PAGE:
Sector keen to prevent ‘greedy’ label
The tourism industry is taking a more sustainable approach to future growth to avoid being seen as greedy.
In 2014 the industry set itself the target of raising visitor expenditure to $41 billion a year by 2025, and it is getting close to achieving that, with the total spend hitting $38b this year.
But at the annual Tourism Industry Aotearoa (TIA) summit in Wellington yesterday, TIA chairman Richard Lauder said that goal did not wash any more.
‘‘I think it has a greed factor to it. We need to demonstrate to New Zealand and New Zealanders that we’re an industry that is doing the right thing for the communities we operate in, the right thing for its staff, and the right thing for the environment, and unless we can honestly say that, it’s very hard to go out there and get the endorsement we expect from our communities.’’
The summit, attended by 300 sector leaders and operators, was presented with a rejigged plan based on a sustainable tourism industry that benefits New Zealanders while continuing to grow.
TIA chief executive Chris Roberts said a lot had changed since the industry released its first plan Tourism 2025 in 2014 and some areas were suffering from the negative impacts of growth.
The focus of Tourism 2025 & Beyond would be on destination ‘‘stewardship’’ and sustainability so that tourism made life better for host communities – economically, environmentally, culturally and socially.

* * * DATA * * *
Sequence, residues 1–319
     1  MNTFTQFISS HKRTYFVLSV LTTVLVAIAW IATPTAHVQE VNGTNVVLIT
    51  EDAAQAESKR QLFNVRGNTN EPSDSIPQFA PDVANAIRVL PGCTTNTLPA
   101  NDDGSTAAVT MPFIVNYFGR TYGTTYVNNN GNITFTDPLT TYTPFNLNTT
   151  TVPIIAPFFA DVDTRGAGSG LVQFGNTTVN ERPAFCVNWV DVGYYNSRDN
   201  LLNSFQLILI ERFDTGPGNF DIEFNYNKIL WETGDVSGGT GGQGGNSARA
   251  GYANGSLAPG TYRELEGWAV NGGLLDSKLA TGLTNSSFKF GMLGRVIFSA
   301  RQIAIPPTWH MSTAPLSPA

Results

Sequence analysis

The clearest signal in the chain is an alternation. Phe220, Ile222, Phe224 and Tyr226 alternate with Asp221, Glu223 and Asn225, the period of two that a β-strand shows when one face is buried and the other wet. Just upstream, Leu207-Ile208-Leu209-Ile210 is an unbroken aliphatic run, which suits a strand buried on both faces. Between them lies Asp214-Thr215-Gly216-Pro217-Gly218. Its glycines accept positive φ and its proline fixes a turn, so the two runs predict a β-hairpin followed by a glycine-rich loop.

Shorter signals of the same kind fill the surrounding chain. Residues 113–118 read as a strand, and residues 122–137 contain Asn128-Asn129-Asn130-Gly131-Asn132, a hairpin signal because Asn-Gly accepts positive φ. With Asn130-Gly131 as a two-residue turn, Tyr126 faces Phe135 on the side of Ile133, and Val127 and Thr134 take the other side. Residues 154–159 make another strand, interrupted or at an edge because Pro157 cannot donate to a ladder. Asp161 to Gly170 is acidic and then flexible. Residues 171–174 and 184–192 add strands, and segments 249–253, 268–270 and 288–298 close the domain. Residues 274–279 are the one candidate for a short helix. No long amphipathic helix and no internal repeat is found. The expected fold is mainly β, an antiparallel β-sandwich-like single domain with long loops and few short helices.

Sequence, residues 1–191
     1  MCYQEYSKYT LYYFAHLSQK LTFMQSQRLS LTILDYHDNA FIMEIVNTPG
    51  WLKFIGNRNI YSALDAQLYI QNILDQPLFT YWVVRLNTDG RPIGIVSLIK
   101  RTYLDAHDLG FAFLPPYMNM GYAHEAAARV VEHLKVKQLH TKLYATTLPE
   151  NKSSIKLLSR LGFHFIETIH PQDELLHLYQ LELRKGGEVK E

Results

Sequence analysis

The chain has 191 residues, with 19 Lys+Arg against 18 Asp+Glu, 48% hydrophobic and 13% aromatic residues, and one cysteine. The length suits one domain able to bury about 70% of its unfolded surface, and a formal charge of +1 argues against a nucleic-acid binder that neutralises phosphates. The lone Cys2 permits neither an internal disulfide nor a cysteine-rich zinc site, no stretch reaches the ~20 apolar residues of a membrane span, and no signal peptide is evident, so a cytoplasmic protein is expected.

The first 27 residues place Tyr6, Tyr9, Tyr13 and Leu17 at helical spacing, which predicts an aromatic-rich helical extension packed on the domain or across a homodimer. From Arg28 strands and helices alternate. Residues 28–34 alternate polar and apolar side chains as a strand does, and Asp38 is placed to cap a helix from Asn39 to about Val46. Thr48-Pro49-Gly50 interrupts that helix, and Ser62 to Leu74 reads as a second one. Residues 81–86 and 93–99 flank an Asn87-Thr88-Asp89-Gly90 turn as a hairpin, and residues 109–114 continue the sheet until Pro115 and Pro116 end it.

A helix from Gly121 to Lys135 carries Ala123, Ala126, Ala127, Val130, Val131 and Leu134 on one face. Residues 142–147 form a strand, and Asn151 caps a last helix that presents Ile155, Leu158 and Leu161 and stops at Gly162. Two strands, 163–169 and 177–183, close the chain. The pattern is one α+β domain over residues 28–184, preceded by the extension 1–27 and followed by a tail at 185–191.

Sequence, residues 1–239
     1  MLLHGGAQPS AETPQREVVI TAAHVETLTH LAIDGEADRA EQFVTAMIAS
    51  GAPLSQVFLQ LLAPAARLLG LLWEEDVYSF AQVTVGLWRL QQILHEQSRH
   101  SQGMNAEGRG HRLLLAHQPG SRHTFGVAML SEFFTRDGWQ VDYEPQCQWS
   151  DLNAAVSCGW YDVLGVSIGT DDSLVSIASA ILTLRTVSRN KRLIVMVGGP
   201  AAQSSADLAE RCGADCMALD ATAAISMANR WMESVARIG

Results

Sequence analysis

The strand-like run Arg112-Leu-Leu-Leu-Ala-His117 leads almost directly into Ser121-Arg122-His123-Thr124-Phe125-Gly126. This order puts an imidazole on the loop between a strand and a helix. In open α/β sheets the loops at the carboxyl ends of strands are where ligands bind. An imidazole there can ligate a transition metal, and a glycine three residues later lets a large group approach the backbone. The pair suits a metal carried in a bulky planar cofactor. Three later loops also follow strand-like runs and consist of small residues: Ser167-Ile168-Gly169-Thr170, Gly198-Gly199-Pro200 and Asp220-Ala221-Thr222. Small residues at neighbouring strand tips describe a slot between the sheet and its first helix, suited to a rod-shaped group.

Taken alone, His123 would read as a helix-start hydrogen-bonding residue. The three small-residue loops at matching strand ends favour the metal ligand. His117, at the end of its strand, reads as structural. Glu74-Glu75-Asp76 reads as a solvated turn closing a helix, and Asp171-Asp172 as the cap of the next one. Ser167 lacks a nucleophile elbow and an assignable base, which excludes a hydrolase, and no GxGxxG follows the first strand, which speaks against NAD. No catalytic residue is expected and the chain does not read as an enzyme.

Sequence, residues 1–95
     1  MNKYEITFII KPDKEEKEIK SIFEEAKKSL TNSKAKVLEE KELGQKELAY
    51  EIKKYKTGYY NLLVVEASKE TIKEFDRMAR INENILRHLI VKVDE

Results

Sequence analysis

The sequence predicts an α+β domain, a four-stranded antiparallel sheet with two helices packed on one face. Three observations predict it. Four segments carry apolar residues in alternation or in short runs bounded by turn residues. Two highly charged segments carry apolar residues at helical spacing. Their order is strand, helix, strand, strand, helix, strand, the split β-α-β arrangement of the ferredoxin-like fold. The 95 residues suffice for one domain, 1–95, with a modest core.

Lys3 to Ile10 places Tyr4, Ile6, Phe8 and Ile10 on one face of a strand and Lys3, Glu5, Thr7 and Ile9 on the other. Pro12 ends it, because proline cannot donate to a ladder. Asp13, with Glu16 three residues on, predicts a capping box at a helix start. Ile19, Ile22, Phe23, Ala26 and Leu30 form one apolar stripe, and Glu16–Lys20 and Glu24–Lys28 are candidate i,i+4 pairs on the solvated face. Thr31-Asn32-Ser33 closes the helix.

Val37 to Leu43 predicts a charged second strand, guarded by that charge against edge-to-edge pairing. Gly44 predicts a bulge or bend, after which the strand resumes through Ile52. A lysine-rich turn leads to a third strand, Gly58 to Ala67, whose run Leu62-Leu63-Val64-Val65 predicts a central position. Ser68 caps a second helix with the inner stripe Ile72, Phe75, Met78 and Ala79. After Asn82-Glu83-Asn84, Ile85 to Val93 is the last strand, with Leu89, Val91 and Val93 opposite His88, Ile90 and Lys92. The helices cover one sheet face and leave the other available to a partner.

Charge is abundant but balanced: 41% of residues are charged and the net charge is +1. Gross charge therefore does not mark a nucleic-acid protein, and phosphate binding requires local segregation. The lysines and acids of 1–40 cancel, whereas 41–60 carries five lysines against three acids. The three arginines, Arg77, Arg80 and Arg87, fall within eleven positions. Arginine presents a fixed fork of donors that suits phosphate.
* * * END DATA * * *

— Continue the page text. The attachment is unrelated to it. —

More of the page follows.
Roberts said the Government’s newly released draft Tourism Strategy was consistent with the revised approach.
‘‘Having an activated public sector working with the industry on the key issues facing tourism bodes well for the sustainable development of tourism in New Zealand.’’
However, Tourism Minister Kelvin Davis’ absence from the gathering – due to his attendance at the Ra¯ tana centennial celebrations – was noted and he provided a brief video message instead.
During a panel discussion on the future of tourism, questions submitted from the floor raised whether the Government was giving the industry the attention it deserved.
Roberts said he had already drafted an email to Prime Minister Jacinda Ardern requesting the appointment of an associate minister of tourism to share the load with Davis, something that the industry had sought before and after the election.
‘‘It would recognise how important and essential our industry is,’’ he said.
The writer attended the Tourism Summit with assistance from Tourism Industry Aotearoa.